Fisheries in the Baltic
Overfishing and destructive fishing practices like bottom trawling represent a major threat to the Baltic ecosystems. In 2008, fishermen from all the surrounding countries caught more than 50 different fish species in the Baltic, for a total of 742 thousand tons of fish. Finland, Sweden and Poland are the largest Baltic fishing nations. Sprat and Herring are the main targeted species in the Baltic, representing 85% of the total catches. They are often caught by industrial fishing vessels and used for the production of fish meal. Cod, flounder, perch and salmon are other important Baltic commercial species. Fisheries in the Baltic outside the 12-nautical-miles zone are mainly managed by the European Commission, however Baltic countries manage fisheries inside the 12 nautical miles and can adopt management measures for their entire own fleet as long as they are more stringent than the current EU law. Fisheries management is poor in the Baltic and most of fish stocks, assessed by ICES, are overfished and even fall outside the safe biological limits – a status that is far away from sustainable fishing.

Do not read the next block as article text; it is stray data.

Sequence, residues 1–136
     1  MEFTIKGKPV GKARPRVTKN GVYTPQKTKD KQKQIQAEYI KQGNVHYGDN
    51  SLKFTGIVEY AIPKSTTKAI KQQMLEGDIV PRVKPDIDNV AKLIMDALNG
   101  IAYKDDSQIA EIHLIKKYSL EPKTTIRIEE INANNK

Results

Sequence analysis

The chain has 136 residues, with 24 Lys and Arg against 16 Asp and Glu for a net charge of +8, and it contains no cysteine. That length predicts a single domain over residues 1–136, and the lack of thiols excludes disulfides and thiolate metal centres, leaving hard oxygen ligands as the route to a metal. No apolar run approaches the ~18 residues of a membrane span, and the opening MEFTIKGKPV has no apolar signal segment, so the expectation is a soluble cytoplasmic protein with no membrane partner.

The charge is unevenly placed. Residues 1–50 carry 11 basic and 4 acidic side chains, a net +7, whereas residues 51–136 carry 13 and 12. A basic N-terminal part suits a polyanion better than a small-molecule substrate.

The use of unsustainable fishing gear poses large threats to the Baltic marine ecosystems as well as the discarding of unwanted bycatch. Bottom trawls are highly destructive because they effectively clear-cut every creature living on the seafloor.
Trawls and dredges use large, heavy nets kept open by metal doors, weighing several tons each, many of which are dragged across large areas of seafloor to catch fish that live on or near the ocean floor. As an example in the Baltic, bottom trawling is used for catching cod and flounder.
Apart from fish, thousands of seabirds and hundreds of mammals are killed in the Baltic every year, where they end up entangled in fishing gear. For grey seals drown in fishing gear is the most common cause of death. Driftnets have been banned in the Baltic, however gillnets and fixed fishing gear are causing great problems as well, these bycatch birds and mammals, and caused as a matter of fact a long-term population decline for common porpoise (Phocena phocena) in the Baltic Sea.